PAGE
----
1. The main argument for genetically engineered brinjal is that the
natural plant is susceptible to FSB (fruit and shoot borer), that
chemical treatment to remove FSB is expensive and bad for the
environment, and that BT brinjal overcomes this problem cheaply and
without detrimental environmental impact. Let us look at the
experience with another similarly produced GM crop, the GM soybean.
Monsanto created a soybean plant that is resistant to a chemical
called glyphosate (round-up). Glyphosate prevents synthesis of
aromatic amino acids that are essential to all plants including
soybean. A bacterium called Agrobacterium strain CP4 (CP4 EPSPS) is
able to synthesize these amino acids even in the presence of
glyphosate. Monsanto cloned the glyphosate resistance gene from the
agrobacterium and transferred it to soybean just as Monsanto’s
licensee Mahyco has done with BT brinjal now, not because soybean
needed it, nor because soybean was being attacked by a pest, but
because GM soybean could be grown in large farms that could be sprayed
from airplanes with glyphosate. GM soybean would be resistant to
glyphosate but the weeds would not be.
This looked good on paper and it actually worked well for some time.
But then the resistance gene was transferred from GM soybean to weeds,
probably by plant viruses, and now the southern states in the US have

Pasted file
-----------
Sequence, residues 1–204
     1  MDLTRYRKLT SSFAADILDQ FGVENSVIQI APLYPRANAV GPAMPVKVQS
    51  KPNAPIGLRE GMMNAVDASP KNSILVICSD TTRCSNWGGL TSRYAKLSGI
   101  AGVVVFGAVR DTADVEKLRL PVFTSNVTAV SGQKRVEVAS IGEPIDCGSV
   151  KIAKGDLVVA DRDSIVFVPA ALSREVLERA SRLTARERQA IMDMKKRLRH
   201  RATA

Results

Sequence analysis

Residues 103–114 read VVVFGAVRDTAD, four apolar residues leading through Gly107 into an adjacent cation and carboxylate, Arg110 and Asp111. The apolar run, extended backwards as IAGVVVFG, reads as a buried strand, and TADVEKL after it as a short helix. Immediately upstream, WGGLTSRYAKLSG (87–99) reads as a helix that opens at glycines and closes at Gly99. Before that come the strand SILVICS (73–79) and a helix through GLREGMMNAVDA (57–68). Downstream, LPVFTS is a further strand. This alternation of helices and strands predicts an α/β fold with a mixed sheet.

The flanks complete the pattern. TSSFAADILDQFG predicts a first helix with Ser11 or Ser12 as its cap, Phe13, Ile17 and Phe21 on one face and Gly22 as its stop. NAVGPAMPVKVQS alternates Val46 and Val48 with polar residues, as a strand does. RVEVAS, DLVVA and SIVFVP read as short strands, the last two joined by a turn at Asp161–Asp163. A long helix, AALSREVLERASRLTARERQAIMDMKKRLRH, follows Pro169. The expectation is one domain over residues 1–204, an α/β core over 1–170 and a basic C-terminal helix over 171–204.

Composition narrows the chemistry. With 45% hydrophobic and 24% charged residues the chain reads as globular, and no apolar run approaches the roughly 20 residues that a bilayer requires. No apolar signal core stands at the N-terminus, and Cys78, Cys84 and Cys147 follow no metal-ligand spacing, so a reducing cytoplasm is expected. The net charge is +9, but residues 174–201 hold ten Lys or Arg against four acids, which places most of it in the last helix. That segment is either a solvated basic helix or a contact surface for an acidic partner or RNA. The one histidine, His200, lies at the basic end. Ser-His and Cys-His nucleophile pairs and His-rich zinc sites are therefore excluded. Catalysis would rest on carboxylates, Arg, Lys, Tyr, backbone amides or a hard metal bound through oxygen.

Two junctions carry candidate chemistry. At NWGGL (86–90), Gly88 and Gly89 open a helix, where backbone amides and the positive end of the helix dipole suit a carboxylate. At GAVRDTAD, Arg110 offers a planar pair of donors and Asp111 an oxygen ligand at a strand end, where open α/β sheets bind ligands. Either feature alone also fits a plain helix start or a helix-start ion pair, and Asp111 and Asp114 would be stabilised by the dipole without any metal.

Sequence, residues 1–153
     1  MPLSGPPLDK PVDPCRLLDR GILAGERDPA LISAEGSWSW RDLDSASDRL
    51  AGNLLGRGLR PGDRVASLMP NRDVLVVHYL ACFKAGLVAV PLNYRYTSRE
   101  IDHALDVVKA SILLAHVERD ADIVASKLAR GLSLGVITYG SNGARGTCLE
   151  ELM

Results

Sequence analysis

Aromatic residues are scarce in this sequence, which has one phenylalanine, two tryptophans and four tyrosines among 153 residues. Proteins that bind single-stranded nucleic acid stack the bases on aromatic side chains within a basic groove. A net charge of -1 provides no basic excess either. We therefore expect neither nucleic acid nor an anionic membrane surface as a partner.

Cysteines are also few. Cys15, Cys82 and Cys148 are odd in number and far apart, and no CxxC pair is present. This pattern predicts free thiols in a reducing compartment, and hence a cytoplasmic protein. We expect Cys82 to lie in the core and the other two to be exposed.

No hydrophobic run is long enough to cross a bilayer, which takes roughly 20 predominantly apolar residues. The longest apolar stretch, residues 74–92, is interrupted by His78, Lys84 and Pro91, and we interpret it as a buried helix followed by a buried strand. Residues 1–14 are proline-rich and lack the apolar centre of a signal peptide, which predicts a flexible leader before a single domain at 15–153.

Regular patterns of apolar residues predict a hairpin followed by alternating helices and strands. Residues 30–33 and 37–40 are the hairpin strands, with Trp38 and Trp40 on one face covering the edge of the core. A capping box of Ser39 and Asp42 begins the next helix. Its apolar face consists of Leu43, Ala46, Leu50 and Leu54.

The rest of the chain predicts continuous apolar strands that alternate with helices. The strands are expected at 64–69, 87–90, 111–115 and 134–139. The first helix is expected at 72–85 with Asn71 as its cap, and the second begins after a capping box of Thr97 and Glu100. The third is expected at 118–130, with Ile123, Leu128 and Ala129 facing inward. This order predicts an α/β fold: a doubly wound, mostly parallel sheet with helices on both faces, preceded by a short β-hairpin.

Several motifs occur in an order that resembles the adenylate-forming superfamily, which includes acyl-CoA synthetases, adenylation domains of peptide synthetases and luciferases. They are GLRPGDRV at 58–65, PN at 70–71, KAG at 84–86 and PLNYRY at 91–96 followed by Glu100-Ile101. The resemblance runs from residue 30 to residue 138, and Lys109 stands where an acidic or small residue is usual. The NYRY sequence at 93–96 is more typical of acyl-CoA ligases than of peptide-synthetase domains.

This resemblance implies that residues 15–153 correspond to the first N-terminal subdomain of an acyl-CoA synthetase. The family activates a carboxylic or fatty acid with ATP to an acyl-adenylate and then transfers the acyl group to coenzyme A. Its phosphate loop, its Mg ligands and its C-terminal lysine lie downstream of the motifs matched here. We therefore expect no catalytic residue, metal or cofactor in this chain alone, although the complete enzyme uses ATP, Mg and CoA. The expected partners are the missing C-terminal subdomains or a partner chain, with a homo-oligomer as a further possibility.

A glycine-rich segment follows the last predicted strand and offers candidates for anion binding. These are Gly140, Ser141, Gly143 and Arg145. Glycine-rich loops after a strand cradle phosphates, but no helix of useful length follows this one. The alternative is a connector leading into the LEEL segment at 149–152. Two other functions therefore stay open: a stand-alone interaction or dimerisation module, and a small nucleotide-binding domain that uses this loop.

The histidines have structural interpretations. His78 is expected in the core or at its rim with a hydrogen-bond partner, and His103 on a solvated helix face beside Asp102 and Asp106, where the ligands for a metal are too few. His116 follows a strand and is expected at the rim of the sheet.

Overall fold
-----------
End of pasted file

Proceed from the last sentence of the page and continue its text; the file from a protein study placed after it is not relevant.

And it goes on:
a giant problem with super weeds which are resistant to glyphosate
(google superweeds). How do you control these weeds? Who is
responsible for their spread? Who will pay for controlling these super
weeds? Well, you can either turn to another biotechnology company for
help or resort to chemicals.
This will inevitably happen to BT brinjal cultivation. The gene will
inevitably jump to other plants and FSB-resistant weeds will appear
soon enough. What then?
2. In my view a more troubling aspect of BT brinjal cultivation is
about choice. Imagine that farmer A plants BT brinjal and his
neighbor, farmer B, wants to grow natural brinjal. If BT brinjal
somehow contaminates the farm of B, what are the consequences? What
happens to the rights of B who does not wish to grow a GM vegetable?
In Canada, glyphosate-resistant canola contaminated the field of one
farmer either by wind or some other mechanism. Instead of apologizing
to him, Monsanto claimed that the farmer used their technology without
paying for it and demanded payment of $15/per acre. The farmer refused
to pay and challenged Monsanto in court. In the end, the court ruled
that the farmer does not have to pay because he did not intentionally
use their technology.
But look at the rights of the farmer. His farm was invaded by a GM
plant he did not want to grow, but the corporation that produced it is
not responsible. Today it is virtually impossible to separate GM
soybean from natural soybean. Tomorrow it will be the same with
brinjal. While those who wish to produce BT brinjal can do so, those
who want to eat the natural vegetable will have lost their rights once
this plant is introduced into cultivation
Title,labels, postings and related copyright reserved.